NEW ORLEANS — Conservative death penalty opponents gathered in New Orleans on Friday for two days of discussions on how best to convince their political allies in Louisiana and other right-leaning states that capital punishment should be abolished.
The organization, Conservatives Concerned About the Death Penalty, which has been lobbying against capital punishment for several years, billed the gathering as its first national meeting. With about 25 participants from two dozen states, it was taking place in a state where lawmakers overwhelmingly defeated the latest attempt, in May, to abolish executions.
But national manager Hannah Cox said the organization believes Louisiana can eventually be moved to join 21 other states that have abolished or overturned the death penalty. She noted the state's large Catholic population and the pope's declaration last year that capital punishment is "inadmissible" in all cases, as well as a strong anti-abortion movement whose participants could be convinced that a "pro-life" movement should include opposition to executions.
She says the organization also sees capital punishment opposition growing in conservative states such as Utah and Wyoming, where a death penalty repeal bill narrowly failed this year. The group has since announced plans to hire a Wyoming field director to aid in grassroots efforts to repeal the state's rarely used death penalty.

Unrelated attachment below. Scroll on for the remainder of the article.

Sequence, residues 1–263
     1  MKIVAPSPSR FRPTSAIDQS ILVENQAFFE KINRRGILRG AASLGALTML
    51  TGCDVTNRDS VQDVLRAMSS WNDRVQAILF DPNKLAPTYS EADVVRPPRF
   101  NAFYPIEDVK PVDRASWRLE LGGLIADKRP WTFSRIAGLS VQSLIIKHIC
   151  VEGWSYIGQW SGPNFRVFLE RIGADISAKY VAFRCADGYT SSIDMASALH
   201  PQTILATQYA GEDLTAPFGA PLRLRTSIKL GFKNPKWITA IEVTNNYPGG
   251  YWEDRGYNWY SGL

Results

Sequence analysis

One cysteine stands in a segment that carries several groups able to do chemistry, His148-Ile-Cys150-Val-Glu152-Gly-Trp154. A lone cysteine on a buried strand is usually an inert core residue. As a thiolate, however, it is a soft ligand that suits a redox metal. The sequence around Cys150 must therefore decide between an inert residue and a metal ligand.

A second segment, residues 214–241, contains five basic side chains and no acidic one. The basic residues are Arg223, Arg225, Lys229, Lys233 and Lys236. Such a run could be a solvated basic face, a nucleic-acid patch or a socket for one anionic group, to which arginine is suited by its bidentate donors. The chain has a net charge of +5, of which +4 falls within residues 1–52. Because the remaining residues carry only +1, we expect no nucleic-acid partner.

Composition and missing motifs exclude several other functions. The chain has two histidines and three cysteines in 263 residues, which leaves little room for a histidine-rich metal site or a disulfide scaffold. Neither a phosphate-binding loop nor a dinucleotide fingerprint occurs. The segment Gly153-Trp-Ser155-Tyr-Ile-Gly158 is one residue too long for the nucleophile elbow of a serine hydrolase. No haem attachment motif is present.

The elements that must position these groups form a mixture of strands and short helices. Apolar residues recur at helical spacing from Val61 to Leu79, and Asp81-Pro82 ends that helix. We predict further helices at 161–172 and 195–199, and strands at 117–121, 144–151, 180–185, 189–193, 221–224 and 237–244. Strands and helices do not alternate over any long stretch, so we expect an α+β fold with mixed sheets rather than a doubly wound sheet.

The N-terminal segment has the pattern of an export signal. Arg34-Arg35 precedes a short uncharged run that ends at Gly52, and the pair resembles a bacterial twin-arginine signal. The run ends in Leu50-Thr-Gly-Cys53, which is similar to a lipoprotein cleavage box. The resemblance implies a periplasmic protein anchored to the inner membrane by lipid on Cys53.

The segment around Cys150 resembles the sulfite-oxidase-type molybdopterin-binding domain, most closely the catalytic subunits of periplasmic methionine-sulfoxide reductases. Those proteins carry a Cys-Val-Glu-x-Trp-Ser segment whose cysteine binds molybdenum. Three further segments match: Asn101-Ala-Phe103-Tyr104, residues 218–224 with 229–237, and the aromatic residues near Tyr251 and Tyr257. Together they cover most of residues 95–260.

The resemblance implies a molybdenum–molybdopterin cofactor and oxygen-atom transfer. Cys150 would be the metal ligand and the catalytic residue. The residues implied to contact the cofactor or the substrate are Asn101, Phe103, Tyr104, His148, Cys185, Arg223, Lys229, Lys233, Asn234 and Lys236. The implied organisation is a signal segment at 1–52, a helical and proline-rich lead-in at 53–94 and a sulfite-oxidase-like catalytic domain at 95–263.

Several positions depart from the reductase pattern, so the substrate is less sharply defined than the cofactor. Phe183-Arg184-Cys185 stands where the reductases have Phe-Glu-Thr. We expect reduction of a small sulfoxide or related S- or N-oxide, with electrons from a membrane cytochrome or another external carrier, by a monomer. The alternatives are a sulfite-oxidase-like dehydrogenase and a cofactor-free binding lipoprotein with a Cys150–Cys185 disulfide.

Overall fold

"This is a failed big government program," Cox said of capital punishment. She noted the numerous examples of death row inmates who have been exonerated and the costs of extensive legal proceedings needed to carry out executions — money the organization argues could be better spent trying to enforce the law and solve crimes.
In Louisiana, a legislative effort to end the death penalty failed overwhelmingly in the Senate, despite its sponsorship by Sen. Dan Claitor, a Republican former prosecutor. The state last executed someone in 2010. Death sentences have been stalled because the corrections department has been unable to find companies willing to provide lethal injection drugs: The companies don't want their products associated with executions.
In debates this year and in years past, death penalty proponents have pushed back against religious and moral arguments from death penalty opponents, citing biblical passages calling for death sentences and arguing that taking the option off the table deprives prosecutors of a crime-fighting tool and survivors of homicide victims a measure of justice.
During the Senate debate in May, Sen. Gerald Long, a Natchitoches Republican who opposed Claitor's measure, said Louisiana uses the punishment rarely and includes a lengthy appeals process to review cases before anyone is executed.
"It seems our legal system provides a number of checks and balances," he said.
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